Given the circumstances, Replicants were permanently outlawed in every capacity, leaving the Tyrell Corporation to go bankrupt.  Years later, a successful scientist and businessman named Niander Wallace (Jared Leto), said to be responsible for helping save the population after the data loss, uses the technology left behind by Tyrell and creates the Nexus 9 which he touts as being so obedient that they are unable to harm a human being.  As is depicted in one of the three short films that were debuted shortly before “2049” being released, Wallace is successful in having the ban on Replicants lifted in 2036 and has now perfected the Nexus 9 technology that we see in “2049”. 

     In addition, people are now able to have full on relationships with intelligent and lifelike holograms, which is the current scenario we see as we delve into K’s life as a Blade Runner when he comes home from work each night to a waiting Joi (Ana de Armas) who lovingly provides him with the perfect mate after the often brutal days spent chasing the last of the world’s Nexus 8 Replicants.  And you may have heard that Harrison Ford’s original Blade Runner, Rick Deckard, returns as well, and he does, but the film is far from being about him and what he's been doing for the past 30 years.  Instead, Villeneuve focuses on K, utilizing many of the themes the characters in the first film consistently struggled with, but also the mystery behind a strange find at the home of a Nexus 8 Replicant he dispatches early in the film.  There is also the nefarious agenda of Wallace and his Replicant assistant Luv (Sylvia Hoeks) in the background that propels K into a investigation not only into his own origins, but also into the ruins of San Diego and eventually to a desolate and deserted Las Vegas.

     The landscapes are gorgeous to the say the least, and stand on their own when compared to the original as a further exploration of the same universe.  Whereas “Blade Runner” was confined to the underbelly of Los Angeles, “2049” expands its surroundings and allows the characters to travel greater distances in slick new versions of the police vehicles seen in the original that indicate a significant advance in technology while still remaining similar in style and familiarity.  And though the design is certainly breathtaking, it’s the story and characters who standout, giving us one of the most deeply personal character portrayals of the last decade.  K is so thoroughly dissected that we know nearly everything about his job, his personality, and his relationships.  The same can also be said for several of the supporting characters which includes K’s boss, Lieutenant Joshi (Robin Wright), as well as the aforementioned holographic girl friend, Joi, who blossoms into a full fledged meaningful character without us realizing it.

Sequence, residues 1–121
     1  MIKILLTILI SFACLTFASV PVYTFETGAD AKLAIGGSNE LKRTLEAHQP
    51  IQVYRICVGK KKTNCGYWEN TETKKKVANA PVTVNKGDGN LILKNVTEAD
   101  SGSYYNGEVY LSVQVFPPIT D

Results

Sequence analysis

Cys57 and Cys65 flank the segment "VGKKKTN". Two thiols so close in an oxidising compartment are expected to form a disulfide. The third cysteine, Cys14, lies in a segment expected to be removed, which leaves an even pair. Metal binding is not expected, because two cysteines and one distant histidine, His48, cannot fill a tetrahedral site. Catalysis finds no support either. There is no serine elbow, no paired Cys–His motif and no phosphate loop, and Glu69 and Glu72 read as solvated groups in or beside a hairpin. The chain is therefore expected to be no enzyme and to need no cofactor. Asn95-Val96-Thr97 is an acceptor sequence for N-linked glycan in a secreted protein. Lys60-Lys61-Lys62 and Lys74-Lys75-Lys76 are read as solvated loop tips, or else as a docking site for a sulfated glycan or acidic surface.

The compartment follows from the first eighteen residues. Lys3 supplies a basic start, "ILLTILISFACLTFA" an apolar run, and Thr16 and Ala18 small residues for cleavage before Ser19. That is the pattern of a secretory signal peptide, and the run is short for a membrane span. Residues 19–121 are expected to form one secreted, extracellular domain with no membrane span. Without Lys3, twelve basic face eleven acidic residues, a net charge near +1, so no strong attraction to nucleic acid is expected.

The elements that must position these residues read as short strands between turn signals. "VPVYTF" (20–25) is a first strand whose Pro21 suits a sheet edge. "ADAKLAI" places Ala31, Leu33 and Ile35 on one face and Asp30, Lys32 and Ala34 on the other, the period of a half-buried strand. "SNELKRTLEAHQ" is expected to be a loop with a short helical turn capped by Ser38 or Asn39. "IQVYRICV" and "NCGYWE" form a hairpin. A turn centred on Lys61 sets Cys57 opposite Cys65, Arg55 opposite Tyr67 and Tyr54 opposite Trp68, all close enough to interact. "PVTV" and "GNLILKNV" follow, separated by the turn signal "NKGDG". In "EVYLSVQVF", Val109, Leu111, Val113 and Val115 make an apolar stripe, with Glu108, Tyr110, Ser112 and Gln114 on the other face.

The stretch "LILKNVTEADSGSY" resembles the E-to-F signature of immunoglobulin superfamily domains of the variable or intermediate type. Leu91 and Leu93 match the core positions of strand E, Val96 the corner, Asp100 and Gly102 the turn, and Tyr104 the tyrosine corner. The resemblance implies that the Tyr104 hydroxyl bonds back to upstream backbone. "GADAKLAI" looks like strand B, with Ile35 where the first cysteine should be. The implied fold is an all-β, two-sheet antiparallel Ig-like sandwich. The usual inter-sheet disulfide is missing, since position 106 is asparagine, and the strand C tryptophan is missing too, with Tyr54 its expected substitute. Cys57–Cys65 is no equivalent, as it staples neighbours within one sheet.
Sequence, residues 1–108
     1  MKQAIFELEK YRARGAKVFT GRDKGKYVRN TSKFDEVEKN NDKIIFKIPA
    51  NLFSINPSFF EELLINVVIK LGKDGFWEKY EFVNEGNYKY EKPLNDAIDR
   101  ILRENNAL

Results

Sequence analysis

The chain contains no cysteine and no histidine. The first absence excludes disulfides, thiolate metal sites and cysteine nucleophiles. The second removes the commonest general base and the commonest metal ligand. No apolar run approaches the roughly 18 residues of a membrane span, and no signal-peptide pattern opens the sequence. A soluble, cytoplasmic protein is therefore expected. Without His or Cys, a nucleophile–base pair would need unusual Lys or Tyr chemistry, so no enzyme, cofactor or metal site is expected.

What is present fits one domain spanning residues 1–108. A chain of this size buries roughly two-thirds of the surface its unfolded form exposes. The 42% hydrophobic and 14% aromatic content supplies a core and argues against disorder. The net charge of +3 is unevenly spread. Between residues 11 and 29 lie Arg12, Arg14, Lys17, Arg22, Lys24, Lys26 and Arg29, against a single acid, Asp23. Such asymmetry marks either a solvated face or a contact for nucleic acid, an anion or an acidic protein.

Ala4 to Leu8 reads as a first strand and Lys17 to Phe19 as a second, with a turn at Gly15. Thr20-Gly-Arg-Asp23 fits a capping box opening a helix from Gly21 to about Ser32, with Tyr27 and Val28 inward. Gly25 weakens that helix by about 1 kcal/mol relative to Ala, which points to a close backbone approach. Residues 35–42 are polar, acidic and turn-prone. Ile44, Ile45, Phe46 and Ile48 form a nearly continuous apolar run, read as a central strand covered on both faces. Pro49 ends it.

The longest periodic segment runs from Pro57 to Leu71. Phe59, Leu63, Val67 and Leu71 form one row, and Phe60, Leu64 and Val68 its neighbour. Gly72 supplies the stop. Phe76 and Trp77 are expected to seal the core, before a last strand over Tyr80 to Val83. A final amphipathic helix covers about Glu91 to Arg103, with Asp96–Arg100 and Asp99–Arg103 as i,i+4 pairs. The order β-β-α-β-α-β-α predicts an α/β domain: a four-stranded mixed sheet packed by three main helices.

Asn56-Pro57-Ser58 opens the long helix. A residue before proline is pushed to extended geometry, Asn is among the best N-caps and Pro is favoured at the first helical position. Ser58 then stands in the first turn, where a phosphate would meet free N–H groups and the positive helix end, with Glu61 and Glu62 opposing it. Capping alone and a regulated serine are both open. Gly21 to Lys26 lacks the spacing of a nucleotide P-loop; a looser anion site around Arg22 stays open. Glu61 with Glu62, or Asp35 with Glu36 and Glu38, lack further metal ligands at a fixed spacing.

For those of us old enough to remember, “Blade Runner” was a film that was not immediately embraced when it debuted in theaters.  Only the advent of VHS and the ability to rediscover films in the comfort of your own home invigorated the merits of the film and the status it enjoys as being such an influential classic today.  Given the fact mainstream audiences typically steer toward films that are easier to digest and require minimal thought, “Blade Runner 2049” will likely suffer in much the same way the original did, but also is certain to garner plenty of awards attention, particularly for Deakins work, as well as the production design by Dennis Gassner, and the score by Benjamin Wallfisch and Hans Zimmer. And Villeneuve has clearly delivered his best film to date, an accomplishment that should be given notice by the Academy, given his previous work and the task at hand here in created a sequel to a film like “Blade Runner” and the expectations that instantly come with it.  Gosling too, following up his Oscar nominated performance in last year’s “La La Land”, deserves notice for his moving performance as a cop caught in the middle of something much bigger than himself, in a film that transports you to a hypnotic wonderland of a bleak future that is every bit as powerful as its predecessor.  GRADE: A